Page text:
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Despite tens of thousands of protests across the country and in London and France, and despite overwhelming doubt about the evidence presented in the case, the state of Georgia executed Troy Anthony Davis late Wednesday night.

This was Davis’ fourth execution date, and it looked like he might be spared again. A premature celebration broke out shortly after 7 p.m., the initial execution time, and many supporters and news media outlets mistakenly thought he was granted a stay of execution. Soon, however, the mood changed, and worry set in yet again when the crowd learned he was granted a temporary reprieve so that the Supreme Court could review the evidence. Four hours later, the high court declined to intervene and Davis was put to death.

Many have pointed to Davis’ case as a possible turning point in the fight to end the death penalty. Currently, 16 states have abolished capital punishment, and according to Ben Jealous, President of the NAACP, if 10 additional states get rid of the death penalty they can petition the federal government to prohibit capital punishment all together.

Before he died, Davis again proclaimed his innocence. According to local reporters, Davis looked directly at the family of Mark MacPhail and said he “did not kill your son, father, brother.” Davis also implored his supporters to continue to dig deeper into case and work to end the death penalty.

Troy Anthony Davis was pronounced dead at 11:08 p.m.

Despite what side of the death penalty debate you fall on one thing is clear: Nothing is gained by executing the wrong man. And in Troy Davis’ case, the amount of doubt present should have spared his life.

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  • D-Chubb

    Apparently, 60% of the American public still believes the U.S. should have the death penalty. If that’s true, it’s unlikely we’ll get rid of it any time soon. Then the evidentiary standards in capital cases on the state and local levels need to be extremely strict. And those standards need to be encoded in the law. At the bare minimum, a prosecutor should not be able to seek the death penalty if there is no PHYSICAL evidence linking the suspect to the crime.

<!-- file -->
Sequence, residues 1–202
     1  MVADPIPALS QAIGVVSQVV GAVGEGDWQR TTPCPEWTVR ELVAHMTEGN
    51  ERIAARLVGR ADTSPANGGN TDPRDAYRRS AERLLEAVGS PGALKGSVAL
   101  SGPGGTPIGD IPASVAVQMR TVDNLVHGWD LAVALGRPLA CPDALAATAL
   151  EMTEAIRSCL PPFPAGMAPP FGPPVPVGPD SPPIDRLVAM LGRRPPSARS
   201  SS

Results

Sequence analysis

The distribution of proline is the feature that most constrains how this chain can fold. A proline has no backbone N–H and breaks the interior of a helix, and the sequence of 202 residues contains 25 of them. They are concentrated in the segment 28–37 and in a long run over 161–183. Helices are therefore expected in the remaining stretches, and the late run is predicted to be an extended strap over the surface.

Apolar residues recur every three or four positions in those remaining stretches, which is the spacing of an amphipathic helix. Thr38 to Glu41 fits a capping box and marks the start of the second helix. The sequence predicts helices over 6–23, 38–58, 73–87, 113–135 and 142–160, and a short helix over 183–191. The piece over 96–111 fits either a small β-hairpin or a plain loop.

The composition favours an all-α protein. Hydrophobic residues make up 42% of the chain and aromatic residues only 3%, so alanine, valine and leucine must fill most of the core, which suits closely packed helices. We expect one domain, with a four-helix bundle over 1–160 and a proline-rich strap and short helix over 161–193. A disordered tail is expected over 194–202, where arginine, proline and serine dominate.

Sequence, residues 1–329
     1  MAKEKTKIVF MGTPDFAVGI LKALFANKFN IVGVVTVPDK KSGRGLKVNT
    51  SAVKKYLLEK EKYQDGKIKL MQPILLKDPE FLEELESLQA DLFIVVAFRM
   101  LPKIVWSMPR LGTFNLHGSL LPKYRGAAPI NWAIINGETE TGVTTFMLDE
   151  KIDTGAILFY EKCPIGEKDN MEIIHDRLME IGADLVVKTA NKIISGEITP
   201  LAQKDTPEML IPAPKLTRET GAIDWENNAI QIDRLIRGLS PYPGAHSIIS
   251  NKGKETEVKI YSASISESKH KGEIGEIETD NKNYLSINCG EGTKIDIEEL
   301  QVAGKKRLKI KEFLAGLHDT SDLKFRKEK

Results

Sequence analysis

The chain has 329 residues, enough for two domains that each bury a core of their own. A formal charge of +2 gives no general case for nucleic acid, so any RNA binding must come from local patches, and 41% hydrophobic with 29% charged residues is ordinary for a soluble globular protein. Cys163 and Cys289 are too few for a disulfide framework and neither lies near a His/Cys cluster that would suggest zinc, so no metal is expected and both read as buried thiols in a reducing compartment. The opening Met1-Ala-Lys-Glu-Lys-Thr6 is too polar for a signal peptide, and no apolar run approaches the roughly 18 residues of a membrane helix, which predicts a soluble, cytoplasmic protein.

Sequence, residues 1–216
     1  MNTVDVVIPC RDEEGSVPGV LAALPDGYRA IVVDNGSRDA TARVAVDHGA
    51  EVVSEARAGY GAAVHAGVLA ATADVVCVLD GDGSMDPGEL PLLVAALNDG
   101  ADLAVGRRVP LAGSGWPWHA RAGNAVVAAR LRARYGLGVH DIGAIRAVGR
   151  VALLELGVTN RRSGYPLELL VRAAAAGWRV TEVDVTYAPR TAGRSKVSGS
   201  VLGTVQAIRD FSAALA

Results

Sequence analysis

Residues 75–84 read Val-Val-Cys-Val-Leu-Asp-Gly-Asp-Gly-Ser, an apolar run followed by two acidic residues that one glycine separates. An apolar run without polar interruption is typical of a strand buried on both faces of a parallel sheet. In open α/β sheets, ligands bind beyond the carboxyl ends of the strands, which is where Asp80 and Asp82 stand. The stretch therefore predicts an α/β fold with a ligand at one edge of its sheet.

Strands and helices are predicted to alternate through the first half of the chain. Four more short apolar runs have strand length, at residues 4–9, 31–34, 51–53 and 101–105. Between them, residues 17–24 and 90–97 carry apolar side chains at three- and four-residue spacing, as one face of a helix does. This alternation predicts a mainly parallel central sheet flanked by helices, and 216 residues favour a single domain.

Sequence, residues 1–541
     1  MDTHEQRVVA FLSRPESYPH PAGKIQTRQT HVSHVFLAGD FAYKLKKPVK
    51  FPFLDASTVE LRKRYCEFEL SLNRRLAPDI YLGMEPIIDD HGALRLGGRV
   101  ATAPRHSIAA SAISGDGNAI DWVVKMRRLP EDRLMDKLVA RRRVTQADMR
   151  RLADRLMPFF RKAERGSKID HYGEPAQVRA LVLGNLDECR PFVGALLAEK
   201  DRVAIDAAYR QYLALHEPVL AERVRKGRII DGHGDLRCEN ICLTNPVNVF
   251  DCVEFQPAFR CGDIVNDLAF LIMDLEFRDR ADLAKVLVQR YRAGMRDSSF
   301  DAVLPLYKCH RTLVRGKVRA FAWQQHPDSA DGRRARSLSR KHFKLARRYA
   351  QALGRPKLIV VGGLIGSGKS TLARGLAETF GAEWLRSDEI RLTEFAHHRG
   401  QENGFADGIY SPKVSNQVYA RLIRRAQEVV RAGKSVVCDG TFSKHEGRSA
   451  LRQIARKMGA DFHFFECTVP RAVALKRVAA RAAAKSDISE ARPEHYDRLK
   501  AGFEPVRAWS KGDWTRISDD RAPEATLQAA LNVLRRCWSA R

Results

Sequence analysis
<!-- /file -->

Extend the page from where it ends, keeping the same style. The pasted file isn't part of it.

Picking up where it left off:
They have these sentencing standards for drug cases where people arrested with a certain amount of drugs get a specific amount of time. They should do a similar thing in capital cases. Don’t give prosecutors and judges any leeway on this issue.

    • D-Chubb

      Excuse me…state and national levels.

  • Nadell

    “So Thank you and remember I am in a place where execution can only destroy your physical form but because of my faith in God, my family and all of you I have been spiritually free for some time and no matter what happens in the days, weeks to come, this Movement to end the death penalty, to seek true justice, to expose a system that fails to protect the innocent must be accelerated. There are so many more Troy Davis’. This fight to end the death penalty is not won or lost through me but through our strength to move forward and save every innocent person in captivity around the globe. We need to dismantle this Unjust system city by city, state by state and country by country. I can’t wait to Stand with you, no matter if that is in physical or spiritual form, I will one day be announcing,
    I AM TROY DAVIS, and I AM FREE! Never Stop Fighting for Justice and We will Win!”

    part of Mr. Troy Davis’ letter.

    God bless his spirit and his family during this time